Mrs E. Jackson, Subject Leader: Music, writes:
Every year, as the House Music concert approaches, I wait anxiously to see how, and indeed what, our students will perform. Some groups I will have heard dozens of times before, the cacophony of their various practices spilling out from every which practice room in the Music department for weeks on end; every time that little bit more in time, that little bit more in tune, that little bit more exciting. Some pieces I haven’t heard at all, the House Captains squirrelling their performers away in various form rooms around the school, practising endlessly.
Every year, when the evening comes (as it did this year on Wednesday 26th April), whether I’ve heard the performances before or not, I am shocked. And I am worried. By now, in my fifth year as a judge for this competition, I am not worried for how the performances will go; time and time again our students have proved as soon as you put them in front of an audience they up their game, they sing full voice, they perform. But instead I am worried because I am tasked with judging between them and to decide who should be named victor of our House Music Trophy and this is no easy task.
Every year our students prove to me and our assembled audience just how talented they are, whether it be singing as part of a large group, or working out their own harmonies, to arranging music for other instrumentalists to play or leading other students in rehearsals. This year was no exception.
The evening takes place in three parts with Houses entering an instrumental, vocal and a free choice piece for judging. The instrumental pieces this year included a wide range of styles, from a hard rock medley from Knebworth, the theme music from The Godfather beautifully orchestrated for Sopwell by Harry Boulton 12S and funk from Ashridge with their arrangement of Car Wash, which included jazz oboe from Annabel Dunstan 8A.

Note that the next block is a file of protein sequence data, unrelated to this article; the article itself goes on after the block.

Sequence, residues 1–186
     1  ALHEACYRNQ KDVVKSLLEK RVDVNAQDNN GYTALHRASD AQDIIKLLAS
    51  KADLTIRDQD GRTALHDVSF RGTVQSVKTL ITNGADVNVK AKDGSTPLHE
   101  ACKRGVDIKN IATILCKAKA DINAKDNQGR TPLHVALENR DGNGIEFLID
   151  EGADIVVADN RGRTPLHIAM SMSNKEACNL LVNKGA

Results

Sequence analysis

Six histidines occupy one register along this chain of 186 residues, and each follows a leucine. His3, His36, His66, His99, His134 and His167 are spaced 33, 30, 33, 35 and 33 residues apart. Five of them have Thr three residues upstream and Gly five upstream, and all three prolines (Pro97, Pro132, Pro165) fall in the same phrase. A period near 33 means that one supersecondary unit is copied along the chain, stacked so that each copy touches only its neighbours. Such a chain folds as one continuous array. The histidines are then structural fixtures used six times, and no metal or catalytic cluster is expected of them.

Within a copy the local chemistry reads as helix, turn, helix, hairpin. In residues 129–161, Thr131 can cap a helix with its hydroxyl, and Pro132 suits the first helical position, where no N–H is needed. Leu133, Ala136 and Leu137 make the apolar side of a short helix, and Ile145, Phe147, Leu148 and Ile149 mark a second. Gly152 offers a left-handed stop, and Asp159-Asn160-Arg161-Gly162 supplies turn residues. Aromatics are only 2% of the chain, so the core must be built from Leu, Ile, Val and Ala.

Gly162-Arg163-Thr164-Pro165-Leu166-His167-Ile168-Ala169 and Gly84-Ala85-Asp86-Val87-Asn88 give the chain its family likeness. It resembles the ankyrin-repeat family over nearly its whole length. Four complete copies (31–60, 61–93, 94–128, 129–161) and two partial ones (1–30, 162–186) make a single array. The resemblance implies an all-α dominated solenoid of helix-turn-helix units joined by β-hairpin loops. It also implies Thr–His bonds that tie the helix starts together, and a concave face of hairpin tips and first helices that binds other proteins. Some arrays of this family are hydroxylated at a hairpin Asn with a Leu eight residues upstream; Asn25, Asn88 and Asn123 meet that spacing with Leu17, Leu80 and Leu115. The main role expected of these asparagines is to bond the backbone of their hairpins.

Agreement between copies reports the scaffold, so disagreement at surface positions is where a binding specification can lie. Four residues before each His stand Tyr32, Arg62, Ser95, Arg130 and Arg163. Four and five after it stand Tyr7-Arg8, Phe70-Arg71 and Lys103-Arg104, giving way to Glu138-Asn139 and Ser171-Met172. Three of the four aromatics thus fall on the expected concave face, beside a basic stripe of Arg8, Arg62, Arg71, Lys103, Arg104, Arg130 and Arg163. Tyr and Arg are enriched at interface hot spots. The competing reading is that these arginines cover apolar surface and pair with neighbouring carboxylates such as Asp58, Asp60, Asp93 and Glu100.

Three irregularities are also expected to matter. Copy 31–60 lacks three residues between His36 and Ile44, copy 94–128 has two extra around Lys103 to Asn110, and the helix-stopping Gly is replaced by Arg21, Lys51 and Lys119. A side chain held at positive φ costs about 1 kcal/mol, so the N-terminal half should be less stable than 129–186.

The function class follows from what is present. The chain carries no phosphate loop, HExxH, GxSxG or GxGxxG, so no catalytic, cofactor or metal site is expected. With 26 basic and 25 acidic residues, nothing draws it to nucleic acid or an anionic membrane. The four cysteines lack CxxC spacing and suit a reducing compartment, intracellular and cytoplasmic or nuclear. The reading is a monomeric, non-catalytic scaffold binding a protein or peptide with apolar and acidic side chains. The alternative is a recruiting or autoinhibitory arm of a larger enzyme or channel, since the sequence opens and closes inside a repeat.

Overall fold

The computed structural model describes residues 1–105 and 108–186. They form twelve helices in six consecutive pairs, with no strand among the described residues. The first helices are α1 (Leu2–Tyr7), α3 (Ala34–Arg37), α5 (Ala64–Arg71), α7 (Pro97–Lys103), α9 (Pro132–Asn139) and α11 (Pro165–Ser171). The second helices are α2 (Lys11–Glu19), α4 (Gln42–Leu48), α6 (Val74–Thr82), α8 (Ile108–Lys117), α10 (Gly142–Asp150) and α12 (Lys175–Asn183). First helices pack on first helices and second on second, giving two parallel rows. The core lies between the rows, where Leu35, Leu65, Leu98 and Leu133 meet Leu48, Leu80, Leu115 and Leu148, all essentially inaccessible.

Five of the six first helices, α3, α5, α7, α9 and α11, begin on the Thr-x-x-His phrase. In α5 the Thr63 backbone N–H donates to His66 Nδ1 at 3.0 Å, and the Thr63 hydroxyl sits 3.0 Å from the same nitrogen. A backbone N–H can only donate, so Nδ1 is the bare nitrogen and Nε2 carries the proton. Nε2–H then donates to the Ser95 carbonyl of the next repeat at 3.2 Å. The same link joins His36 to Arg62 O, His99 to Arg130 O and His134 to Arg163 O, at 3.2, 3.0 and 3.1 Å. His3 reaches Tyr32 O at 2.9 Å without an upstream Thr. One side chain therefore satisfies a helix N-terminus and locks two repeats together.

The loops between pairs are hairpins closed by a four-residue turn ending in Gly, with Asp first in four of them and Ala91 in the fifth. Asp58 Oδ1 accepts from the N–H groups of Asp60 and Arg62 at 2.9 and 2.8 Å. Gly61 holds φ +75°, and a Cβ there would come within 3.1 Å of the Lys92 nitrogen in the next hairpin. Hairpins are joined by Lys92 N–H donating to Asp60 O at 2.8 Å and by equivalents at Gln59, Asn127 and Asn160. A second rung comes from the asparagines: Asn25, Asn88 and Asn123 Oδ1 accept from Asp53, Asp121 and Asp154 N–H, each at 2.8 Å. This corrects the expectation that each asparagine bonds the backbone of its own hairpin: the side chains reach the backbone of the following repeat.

The vocal pieces varied from the small and intimate arrangement of Beyoncé’s Crazy in Love by Brocket, to the large choirs of Ashridge, Sopwell and Offley, with impressive use of part singing.
The final part of the concert included the free choice pieces, where students have total free rein to choose whatever style and arrangement of instruments and voices they wish. Highlights here came from Hatfield, who performed a song written by April Baniqued 13H and from Ashridge who performed a superb rendition of Wait for It from the hit musical Hamilton. This performance encompassed all the things we were looking for in the ideal performance; great musicality, a perfect sense of ensemble and a well thought out performance, which, in this case, included careful and well-rehearsed choreography.
With the standard of performances so high, Mr Brown and I found it difficult to differentiate between all the fantastic performances but by the end of the concert it was clear that Ashridge should be the winners, and so, closely followed by Knebworth and Sopwell in second and third places respectively, they collected their trophy.
Well done to all the 125+ performers that took part in House Music – it was a great performance and you should all be pleased with how far you came and improved from your first rehearsals through hard work and dedication. I look forward to hearing more from you all in future concerts to come.